Like most other airlines JetBlue reported a nice profit for 2014. During the investor call yesterday there were a few vaguely interesting bits which caught my attention.
New Aircraft Deliveries
JetBlue has a dozen A321 aircraft scheduled for delivery during 2015 and, based on comments made during the call, the company expects to pay cash for those planes. This approach is counter to plans announced by American Airlines earlier in the week to finance many if its new deliveries. AA executives noted that financing could be achieved at such low rates that it made more sense for the larger carrier to pursue such an approach. JetBlue is paying down debt where it can but also appears to want to spend some of its free cash on the new aircraft. Perhaps financing terms are less favorable for the smaller carrier??
Ancillaries remain king
News that “fare families” are coming is not new. We were reminded during the call that the new fares, including an option which does not include a checked bag allowance, will be launched in Q2 2015. That change is expected to drive $65mm in ancillary revenue during 2015 and the company projects that number to increase to $200mm annually by 2017. I like the idea of “just pay for what you use” and I can support it as a general concept. But when the company makes it so abundantly clear that the goal is to separate more passengers from more of their money – to the tune of $200mm annually – it is a bit harder to stomach.
Speaking of $200mm, that’s how much JetBlue grossed from its Even More products in 2014. The price for the extra legroom seats is now calculated based on multiple factors which has resulted in higher revenue on that front for the company.
That $200mm represents about 27% of all the ancillary revenue the company brought in during 2014. During the 4th quarter then number was roughly $25/passenger. And that’s before bag fees start to kick in for everyone.
FlyFi Flies High
The FlyFi in-flight wifi product is now installed on about 120 of the company’s planes and remains on-schedule for completing the big jets (~30 remaining) in the next few months and starting on the E90s after that. I have not yet seen the Supplementary Type Certificate for the hardware on the E90s and was expecting that late last year so we may need to keep an eye on that as a potential issue for the company.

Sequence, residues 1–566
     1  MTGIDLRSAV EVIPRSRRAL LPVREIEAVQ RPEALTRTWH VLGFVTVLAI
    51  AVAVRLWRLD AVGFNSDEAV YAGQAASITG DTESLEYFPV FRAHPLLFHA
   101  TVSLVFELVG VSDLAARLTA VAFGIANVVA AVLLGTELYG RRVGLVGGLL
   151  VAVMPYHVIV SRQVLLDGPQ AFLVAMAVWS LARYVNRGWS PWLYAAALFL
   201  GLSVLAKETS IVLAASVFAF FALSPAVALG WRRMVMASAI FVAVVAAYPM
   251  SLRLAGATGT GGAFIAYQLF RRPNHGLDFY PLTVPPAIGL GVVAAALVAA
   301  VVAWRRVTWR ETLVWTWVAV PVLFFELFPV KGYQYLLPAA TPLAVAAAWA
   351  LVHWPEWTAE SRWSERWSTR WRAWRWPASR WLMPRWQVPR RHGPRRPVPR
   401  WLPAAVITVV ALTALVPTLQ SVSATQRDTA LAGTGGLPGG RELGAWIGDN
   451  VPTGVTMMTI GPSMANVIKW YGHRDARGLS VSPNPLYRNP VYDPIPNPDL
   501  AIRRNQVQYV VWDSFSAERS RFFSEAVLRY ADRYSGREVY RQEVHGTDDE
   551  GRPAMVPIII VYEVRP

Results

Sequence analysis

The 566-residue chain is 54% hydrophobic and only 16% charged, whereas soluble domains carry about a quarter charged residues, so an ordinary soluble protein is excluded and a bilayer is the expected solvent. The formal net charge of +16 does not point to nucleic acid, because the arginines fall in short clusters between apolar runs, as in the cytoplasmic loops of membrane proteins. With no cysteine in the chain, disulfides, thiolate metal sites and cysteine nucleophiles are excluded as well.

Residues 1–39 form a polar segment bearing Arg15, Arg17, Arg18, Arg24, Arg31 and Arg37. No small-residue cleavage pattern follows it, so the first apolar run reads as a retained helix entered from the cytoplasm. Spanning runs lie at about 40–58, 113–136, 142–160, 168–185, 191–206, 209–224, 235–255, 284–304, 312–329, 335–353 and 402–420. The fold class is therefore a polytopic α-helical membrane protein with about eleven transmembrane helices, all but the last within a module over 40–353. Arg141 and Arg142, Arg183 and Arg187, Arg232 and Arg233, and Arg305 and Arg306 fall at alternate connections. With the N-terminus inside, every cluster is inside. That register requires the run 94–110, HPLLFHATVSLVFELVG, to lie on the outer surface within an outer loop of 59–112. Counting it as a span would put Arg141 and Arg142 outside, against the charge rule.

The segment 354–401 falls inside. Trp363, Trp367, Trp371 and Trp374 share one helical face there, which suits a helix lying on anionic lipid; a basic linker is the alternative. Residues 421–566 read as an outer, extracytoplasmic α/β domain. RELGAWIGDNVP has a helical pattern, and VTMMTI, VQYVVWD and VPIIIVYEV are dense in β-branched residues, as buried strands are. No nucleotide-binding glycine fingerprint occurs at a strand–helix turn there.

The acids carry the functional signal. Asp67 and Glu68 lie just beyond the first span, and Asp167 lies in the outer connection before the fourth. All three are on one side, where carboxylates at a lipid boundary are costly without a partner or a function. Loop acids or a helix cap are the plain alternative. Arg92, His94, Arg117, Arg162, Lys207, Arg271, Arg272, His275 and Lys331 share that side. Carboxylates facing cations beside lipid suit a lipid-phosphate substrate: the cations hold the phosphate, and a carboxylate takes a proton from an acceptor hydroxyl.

JetBlue is unique in the US market in offering the FlyFi product for free to all customers on all flights. It looks like that will continue at least through 2015 based on comments made by company President and soon-to-be CEO Robin Hayes. He noted that “We have been able to cover bandwidth costs for the coming year” through advertising and sponsorship deals. You might need to be a member of the TrueBlue program a bit later in the year to get the free access but that’s a freebie and a fair trade to me.
The Mint premium cabin product has exceeded company projections in its success. Hayes suggested that JetBlue was able to create a market for the product with the competitive pricing, similar to how low fares of a new entrant work in economy class travel. He also took a dig at the product being offered competitors Delta, American, United and Virgin America when Mint was introduced, suggesting that “People were getting a pretty crummy product at high fares.” Mint definitely brought down the fares and the other carriers have all stepped up their game in terms of product quality. Still, mint remains competitive on both fronts.
When it comes to premium cabin transcon travel most folks assume it is all corporate customers with fat discounts off of list price. While that group makes up the bulk of those ticket sales there is a growing leisure and small business sector as well. JetBlue is grabbing a decent chunk of that market and even a few corporate customers, calling the latter “icing on the cake.”
JetBlue has big plans for growth fueled by the big (for them) planes which are coming online during 2015. But the growth will not accelerate just because fuel prices are low right now. Just like all the other airlines JetBlue says capacity discipline is key and growth will happen along the previously charted course, not adjusting “based on short-term price swings in fuel.” Hayes stated that the business is built around a $90bbl price point for oil, roughly double what we’re seeing right now in the market. It will be interesting to see how long JetBlue and the others maintain this discipline.
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